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Home » Climate change: Coastal communities in Niger Delta under threat of extinction – Group

Climate change: Coastal communities in Niger Delta under threat of extinction – Group

Due to the changes in weather pattern resulting from climate change, communities within the coastal line of the Niger Delta will face extinction.

Some Civil Society Organisations raised the alarm during a one-day advocacy meeting on gender and climate change with selected councillors from across Niger Delta states, in Port Harcourt, Rivers State.

Godson Jim-Dorgu, executive director of Mac-Jim Foundation, said the coastal communities within the Niger Delta would be wiped away sooner or later due to the effect of climate change.

Jim-Dorgu, who was a facilitator at the meeting, explained that currently, they are currently conducting research on how communities within the coastal line have already been wiped out over the years due to climate change while calling on the government to take urgent steps against the trend.

He maintained that the purpose of the meeting with the councillors was to inform them of the calamities of climate change as it affects the local people and how the local lawmakers can influence their local government to adopt the Draft Action Plan on Gender and Climate Change in Nigeria.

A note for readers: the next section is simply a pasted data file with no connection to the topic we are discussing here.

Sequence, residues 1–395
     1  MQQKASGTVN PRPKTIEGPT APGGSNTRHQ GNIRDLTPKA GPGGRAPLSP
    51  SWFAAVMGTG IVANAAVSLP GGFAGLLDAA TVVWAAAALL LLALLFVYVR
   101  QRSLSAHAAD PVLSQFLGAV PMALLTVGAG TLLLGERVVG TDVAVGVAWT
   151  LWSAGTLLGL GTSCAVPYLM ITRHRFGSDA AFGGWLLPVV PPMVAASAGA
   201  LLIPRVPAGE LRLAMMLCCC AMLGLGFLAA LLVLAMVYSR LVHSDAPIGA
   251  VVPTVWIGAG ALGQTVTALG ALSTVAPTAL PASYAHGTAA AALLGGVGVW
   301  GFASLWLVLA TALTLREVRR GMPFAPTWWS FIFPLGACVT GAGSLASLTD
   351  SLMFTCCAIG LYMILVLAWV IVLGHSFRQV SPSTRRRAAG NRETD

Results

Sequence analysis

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In his contribution, the Councilor representing Ward 3 Emohua Local Government Area, Wodu Achinike said the meeting was an eye opener as most of them would gain new knowledge on how to tackle climate change, especially at the grassroots.

On his part, Tudor Furubel, a councillor representing the K.Dere community in the Gokana Local Government Area, lamented how some youths are destroying the environment through illegal refining which is also contributing to altering the Ozone layer. He said that while the oil companies have over the years destroyed the environment, “it is out of place for our youths to completely devastate the ecosystem because of their personal gains.”

Earlier, the organiser of the event, Emem Okon who is also the Executive Director of Kebetkache Women Development and Resource Centre, represented by Idogesy Alexander stated that the World Bank statistics show that 72percent of the World’s 33 million refugees are women and children who are mostly affected by climate change.

She explained that due to the dangers inflicted by climate change on local women, it is imperative that those in government would use the available policy to change the narrative.

The human rights activist expressed concern over the effect of gas flares and the many problems associated with oil pollution such as flooding, rise in sea level, heat waves, food insecurity and hunger and called on the government at all levels to take urgent steps to address them.

One of the Councilors, Henry Eferebo told the media that they would develop a policy framework in terms of local law to mainstream gender in all their activities in their local communities.

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